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Reportage Illustration book launch, lecture, and panel discussion
Location: House of Illustration
Hosted by House of Illustration.



Chair: Gary Embury,
Panel: Jill Gibbon, Martin Harrison, former senior designer at The Times, Olivier Kugler, Lucinda Rogers, Tim Vyner

Abridged transcript of the panel discussion and Q&A 21st March 2018


Book launch and panel discussion

The event at House of illustration marked the book launch of 'Reportage Illustration: visual Journalism' by Gary Embury and Mario Minichiello. It was introduced with a lecture by Gary Embury on Reportage drawing and the development of the book. This was followed by a panel discussion chaired by Gary Embury with Jill Gibbon, Martin Harrison, Olivier Kugler, Lucinda Rogers, Tim Vyner, picking up many of the themes and subjects covered in the lecture.

Chair: Gary Embury: Is this the beginning of a new era of Visual journalism, or considering the ubiquity of mobile phones just an offshoot or parallel strand of citizen journalism?

Martin Harrison: I don't think it is actually, it's a continuation, history develops things and I think illustration is reflecting that. Mobile technology is very exciting and commercially it's the way to go.. it's the small companies you've got to watch out for. Animation is the way forward for illustration, it's not Disney or Pixar.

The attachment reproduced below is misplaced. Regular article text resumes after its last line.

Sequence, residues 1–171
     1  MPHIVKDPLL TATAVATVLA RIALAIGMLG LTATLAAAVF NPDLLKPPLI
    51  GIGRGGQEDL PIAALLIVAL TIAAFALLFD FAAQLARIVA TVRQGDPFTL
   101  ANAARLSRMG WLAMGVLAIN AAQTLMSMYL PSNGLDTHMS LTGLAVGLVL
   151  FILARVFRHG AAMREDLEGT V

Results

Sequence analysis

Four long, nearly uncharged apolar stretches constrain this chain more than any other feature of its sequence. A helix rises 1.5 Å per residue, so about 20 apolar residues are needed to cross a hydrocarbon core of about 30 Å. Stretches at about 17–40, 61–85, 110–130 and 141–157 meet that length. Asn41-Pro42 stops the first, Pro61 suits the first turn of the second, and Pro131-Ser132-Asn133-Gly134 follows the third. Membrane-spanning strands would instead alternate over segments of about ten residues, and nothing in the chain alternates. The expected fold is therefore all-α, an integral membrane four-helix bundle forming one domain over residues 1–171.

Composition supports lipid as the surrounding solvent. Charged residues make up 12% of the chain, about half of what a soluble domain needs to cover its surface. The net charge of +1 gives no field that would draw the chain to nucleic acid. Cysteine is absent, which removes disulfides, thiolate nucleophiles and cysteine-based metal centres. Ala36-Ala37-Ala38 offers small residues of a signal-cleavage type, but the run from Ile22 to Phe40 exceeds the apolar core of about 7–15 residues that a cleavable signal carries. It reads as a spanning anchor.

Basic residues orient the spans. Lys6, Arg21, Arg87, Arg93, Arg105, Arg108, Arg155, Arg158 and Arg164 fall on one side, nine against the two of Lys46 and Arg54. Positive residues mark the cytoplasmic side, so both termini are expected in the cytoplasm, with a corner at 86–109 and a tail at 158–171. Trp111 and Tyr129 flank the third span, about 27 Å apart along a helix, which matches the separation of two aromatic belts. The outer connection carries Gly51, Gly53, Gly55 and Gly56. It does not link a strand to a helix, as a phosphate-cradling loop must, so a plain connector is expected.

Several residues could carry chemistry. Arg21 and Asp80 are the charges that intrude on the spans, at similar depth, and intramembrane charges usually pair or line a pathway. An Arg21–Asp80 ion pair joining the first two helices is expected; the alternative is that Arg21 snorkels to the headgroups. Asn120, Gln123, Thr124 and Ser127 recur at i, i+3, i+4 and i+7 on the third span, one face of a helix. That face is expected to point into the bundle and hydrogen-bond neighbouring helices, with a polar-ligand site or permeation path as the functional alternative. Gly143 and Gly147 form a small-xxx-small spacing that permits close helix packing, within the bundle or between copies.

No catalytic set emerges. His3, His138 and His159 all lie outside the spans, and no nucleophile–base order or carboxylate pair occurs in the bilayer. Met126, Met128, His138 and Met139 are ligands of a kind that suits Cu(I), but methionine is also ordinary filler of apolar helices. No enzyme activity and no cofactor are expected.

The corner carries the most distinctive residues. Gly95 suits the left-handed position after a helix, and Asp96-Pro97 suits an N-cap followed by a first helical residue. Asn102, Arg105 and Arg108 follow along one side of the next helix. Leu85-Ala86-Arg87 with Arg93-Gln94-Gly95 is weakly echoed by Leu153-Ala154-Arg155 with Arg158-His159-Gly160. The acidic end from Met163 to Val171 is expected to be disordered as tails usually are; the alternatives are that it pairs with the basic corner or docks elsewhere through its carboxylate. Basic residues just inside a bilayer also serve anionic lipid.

When you are in a reportage situation it's often crowded .. there might be something technology can do to help make your experience more exciting.

Tim Vyner:
The technology may be very enabling in allowing you to do that. We had some interesting discussions at the time of the Olympics project (referring to Tims' reportage drawing project with The Times 2012) and very often these discussions did end up as moving drawings or animations. From my point of view, although the technology is very enabling, I've actually been doing the same thing pretty much for the last 20 to 25 years. The context for the delivery of that work may change but the activity itself remains my observation of a particular place and particular moment in time and the documentation of that.... 20 years previously no one ever asked me what pencil I used, so I think people were fascinated by the technology and we still are, but the activity for me very often remains the same.

Jill gibbon:
I'm going to say there is a Renaissance in reportage is drawing and there is something very particular and very powerful about drawing which digital technology is enabling us to disseminate more easily..
We are so inundated by the digital, and by the photographic image, that it draws attention even more to what is particular about drawing, which is a very different way of engaging with the world and a very powerful way of engaging with the world. When you are taking a photograph, you take everything. When you draw you begin with a blank page and I think the process of drawing itself, whatever the end product, gives us a way of grounding ourselves in the world where we can increasingly feel alienated.

Olivier Kugler:
I think there's a lot of interest in reportage illustration and reportage comic books, but I don't really see a large market for it. There are hardly any newspapers or magazines out there who commission this kind of work. I don't get work from The Guardian anymore. Most of my work I sell to American magazines they still pay alright and there is interest in this kind of work.

Gary Embury Jill Gibbon Jill Gibbon

Gary Embury: Susan Sontag said, 'photography is an act of non-intervention'. Is drawing any better?

Jill Gibbon: The relationship with the place in which we draw, it's something that I've become increasingly interested in over the years. It dawned on me that what defines reportage drawing is being present in the location...